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At Kanpur, December 25, 26, 27, 29, 30. Drawn. A violent overnight storm ruled out play on the last day but made no difference to the outcome. However, a decisive result had seemed more than probable when a green pitch claimed fifteen wickets on the first two days.
The pitch, even by English standards, was very grassy and green; so much so that Pakistan made a last-minute change in their side, leaving out left-arm spinner Abdur Raqib and including Ehtesham-ud-Din, who was not even in the squad of thirteen announced on the eve of the match. In view of these conditions, Pakistan were much the weaker for the absence of Imran Khan, whose injury had become more troublesome.
It was cloudy on the first morning, which made it all the more surprising that India elected to bat. They came to regret this decision, losing four wickets for only 17 and being saved by bad light from being bowled out on the first day. Play closed an hour and a quarter early with the score 112 for eight, five of which were taken by Sikander and three by Ehtesham-ud-Din, who completed India's rout on the following morning. English balls were used in this Test, their higher seam being a further aid to the pace bowlers in getting purchase from the grassy pitch. India would have been in a worse plight had Binny, who made 29, not been dropped at second slip, by Zaheer, when he was 12. However, they owed their recovery to Ghavri, who made 45 not out with courageous support from Yadav and Doshi.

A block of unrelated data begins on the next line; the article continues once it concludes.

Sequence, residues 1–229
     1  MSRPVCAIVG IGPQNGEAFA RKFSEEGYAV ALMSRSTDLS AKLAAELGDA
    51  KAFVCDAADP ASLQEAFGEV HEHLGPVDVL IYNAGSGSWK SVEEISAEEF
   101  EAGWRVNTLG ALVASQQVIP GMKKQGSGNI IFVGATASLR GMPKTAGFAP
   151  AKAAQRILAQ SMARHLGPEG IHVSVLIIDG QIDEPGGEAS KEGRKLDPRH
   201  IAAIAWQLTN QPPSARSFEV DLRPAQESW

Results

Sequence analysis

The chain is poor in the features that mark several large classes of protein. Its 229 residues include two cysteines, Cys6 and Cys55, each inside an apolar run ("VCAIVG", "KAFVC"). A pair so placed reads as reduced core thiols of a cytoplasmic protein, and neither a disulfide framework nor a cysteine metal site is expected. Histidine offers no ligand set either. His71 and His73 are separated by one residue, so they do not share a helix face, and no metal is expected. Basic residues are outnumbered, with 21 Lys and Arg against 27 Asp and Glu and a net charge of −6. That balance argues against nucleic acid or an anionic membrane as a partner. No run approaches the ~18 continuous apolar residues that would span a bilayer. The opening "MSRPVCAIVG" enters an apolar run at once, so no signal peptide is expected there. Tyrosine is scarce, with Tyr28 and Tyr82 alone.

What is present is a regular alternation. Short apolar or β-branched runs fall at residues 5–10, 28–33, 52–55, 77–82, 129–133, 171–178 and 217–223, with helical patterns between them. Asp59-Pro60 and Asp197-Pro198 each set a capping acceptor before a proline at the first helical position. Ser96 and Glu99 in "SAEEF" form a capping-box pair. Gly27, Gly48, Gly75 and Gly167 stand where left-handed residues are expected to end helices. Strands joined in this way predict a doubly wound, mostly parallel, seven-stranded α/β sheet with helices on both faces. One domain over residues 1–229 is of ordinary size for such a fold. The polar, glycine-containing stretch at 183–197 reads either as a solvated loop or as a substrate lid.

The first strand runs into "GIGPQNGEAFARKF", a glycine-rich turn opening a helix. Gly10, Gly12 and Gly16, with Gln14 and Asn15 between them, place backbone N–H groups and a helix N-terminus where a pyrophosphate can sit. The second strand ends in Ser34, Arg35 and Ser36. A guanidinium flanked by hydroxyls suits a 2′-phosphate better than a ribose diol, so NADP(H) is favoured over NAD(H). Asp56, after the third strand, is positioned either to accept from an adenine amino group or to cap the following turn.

Pakistan, in reply, scarcely fared better and finished the day at 124 for five. The only batsman to establish himself was Sadiq Mohammed, playing his first Test in the series. On the third day, Pakistan lost two more wickets for the addition of just 8 runs and yet came back to take a useful lead of 87, thanks to a magnificent innings by Wasim Raja that was skilful, bold and attractive. He was in for three hours forty-nine minutes and hit one 6 and ten 4s in his unbeaten 94. Iqbal Qasim kept him company for two hours for the eighth wicket before succumbing to the second new ball. The last two batsmen, Sikander and Ehtesham-ud-Din, scored no more than 6 between them but they each stayed for half an hour and the last two wickets produced 35 invaluable runs. Raja's innings drew such admiration that Binny, immediately after bowling the last man, ran up to apologise to Raja for depriving him of his century.
Gavaskar and Chauhan, India's openers, comfortably batted through the two hours that remained and wiped off all but 8 runs of Pakistan's lead. Next morning, batting with much greater circumspection, they added another 46. Gavaskar, having made 81, fell to a rousing catch by Mudassar at square-leg, but Pakistan captured only one more wicket during the day, that of Chauhan twenty-five minutes before tea. Chauhan and Vengsarkar, both in an exercise of self-denial, put on only 43 runs in about 100 minutes, but it must be mentioned that Pakistan bowled only 19.4 overs during their stand with the rate dropping to ten overs per hours at one stage. In view of this, there was little regret when bad light again stopped play shortly after tea and when the clouds that cast this gloom produced enough rain to wipe out the last day's play.